I enjoyed June and Saul’s relationship – the way it unfolded naturally, it wasn’t all heat and passion, but a slow moving thing that they felt around and pushed, pulled and formed it into something real.  It was perfect, specifically because of its forbidden element.  The blurb sort of compares it to Romeo and Juliet, but it’s not a retelling at all.  I loved that do not rush headlong into something, but really take time to evaluate each other and make the best decisions they can on their own.

So while all of those things are good, the best part of this book is the mystery, the curse, and the unwinding of information.  The flow of the words coming off the pages is intoxicating in itself.  This was a most excellently written piece of art!

Not So Much:  Some of the minor characters – specifically the creative writing teacher – and their motives I didn’t quite get, honestly.  I can understand, I suppose, needing another antithesis/pushing point, but at the same time I think that goal could easily have been accomplished without the additional character, or attempting to play up her importance.  She was a bit oxymoron-ish as a character as well, she seemed to serve a dual – almost conflicting – purpose in my opinion.  Anyhow, this is about the only kind of/sort of not wonderful thing I can say about this book.  I’d say that’s pretty good!

The Verdict:  I am in love with this book.  It was fantastic…if you couldn’t tell that’s what I thought already.  It’s a YA, very clean and tidy, and yet, nothing more was needed to make it…more.  If you like a lyrical style of writing, and settings that are kind of blurry in nature, very fluid and changing – this book is definitely for you, and if you don’t, I still implore you to give it a chance!

**This book was an Advanced Reader Copy from FirstToRead.com; other than the joy of reading – I was granted no compensation to review this book.**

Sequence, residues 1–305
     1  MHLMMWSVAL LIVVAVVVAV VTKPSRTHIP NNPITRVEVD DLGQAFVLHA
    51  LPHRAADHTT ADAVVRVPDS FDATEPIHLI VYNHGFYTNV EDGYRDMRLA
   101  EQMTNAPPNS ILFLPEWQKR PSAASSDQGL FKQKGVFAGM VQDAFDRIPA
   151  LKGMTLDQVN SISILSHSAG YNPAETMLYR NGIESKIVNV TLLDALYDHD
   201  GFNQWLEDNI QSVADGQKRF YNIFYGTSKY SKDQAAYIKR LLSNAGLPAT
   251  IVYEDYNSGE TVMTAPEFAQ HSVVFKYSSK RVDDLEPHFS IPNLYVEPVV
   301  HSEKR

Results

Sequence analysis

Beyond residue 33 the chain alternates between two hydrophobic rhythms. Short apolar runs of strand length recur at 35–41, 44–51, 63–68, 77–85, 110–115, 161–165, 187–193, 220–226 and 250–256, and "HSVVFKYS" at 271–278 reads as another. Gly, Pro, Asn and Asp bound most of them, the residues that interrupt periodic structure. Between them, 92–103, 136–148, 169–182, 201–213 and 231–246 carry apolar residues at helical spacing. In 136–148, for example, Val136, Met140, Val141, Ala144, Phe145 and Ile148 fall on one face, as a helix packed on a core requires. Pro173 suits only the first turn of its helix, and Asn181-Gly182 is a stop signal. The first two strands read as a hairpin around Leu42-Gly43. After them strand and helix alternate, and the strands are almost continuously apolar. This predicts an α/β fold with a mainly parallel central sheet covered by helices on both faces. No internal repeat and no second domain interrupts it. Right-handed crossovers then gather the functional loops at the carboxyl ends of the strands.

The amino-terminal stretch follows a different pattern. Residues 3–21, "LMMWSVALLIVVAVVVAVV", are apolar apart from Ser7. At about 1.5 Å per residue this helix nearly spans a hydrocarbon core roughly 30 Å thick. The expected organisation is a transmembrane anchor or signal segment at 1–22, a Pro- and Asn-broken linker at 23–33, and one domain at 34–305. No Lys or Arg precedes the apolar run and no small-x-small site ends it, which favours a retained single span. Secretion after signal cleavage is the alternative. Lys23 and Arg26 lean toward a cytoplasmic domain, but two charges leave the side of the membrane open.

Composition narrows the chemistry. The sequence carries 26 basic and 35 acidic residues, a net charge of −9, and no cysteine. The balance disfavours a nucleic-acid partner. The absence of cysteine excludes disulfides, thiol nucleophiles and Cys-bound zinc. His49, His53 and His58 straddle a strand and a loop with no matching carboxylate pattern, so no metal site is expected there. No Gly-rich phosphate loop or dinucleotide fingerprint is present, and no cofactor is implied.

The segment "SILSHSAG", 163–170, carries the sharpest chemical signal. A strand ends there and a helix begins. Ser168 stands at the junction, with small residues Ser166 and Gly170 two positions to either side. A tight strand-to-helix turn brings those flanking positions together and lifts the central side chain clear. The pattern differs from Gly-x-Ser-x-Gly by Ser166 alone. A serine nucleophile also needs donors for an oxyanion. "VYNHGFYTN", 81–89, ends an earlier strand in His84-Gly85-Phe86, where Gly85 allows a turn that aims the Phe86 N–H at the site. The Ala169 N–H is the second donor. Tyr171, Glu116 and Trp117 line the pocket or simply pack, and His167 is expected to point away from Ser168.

Caraval – Stephanie Garber

27883214Title: Caraval
Author: Stephanie Garber
Series: Caraval

Publisher: Flatiron Books
Published Date: January 31, 2017

Blurb: 
Whatever you’ve heard about Caraval, it doesn’t compare to the reality. It’s more than just a game or a performance. It’s the closest you’ll ever find to magic in this world . . .

Welcome, welcome to Caraval―Stephanie Garber’s sweeping tale of two sisters who escape their ruthless father when they enter the dangerous intrigue of a legendary game.

Scarlett has never left the tiny island where she and her beloved sister, Tella, live with their powerful, and cruel, father. Now Scarlett’s father has arranged a marriage for her, and Scarlett thinks her dreams of seeing Caraval, the far-away, once-a-year performance where the audience participates in the show, are over.

But this year, Scarlett’s long-dreamt of invitation finally arrives. With the help of a mysterious sailor, Tella whisks Scarlett away to the show. Only, as soon as they arrive, Tella is kidnapped by Caraval’s mastermind organizer, Legend. It turns out that this season’s Caraval revolves around Tella, and whoever finds her first is the winner.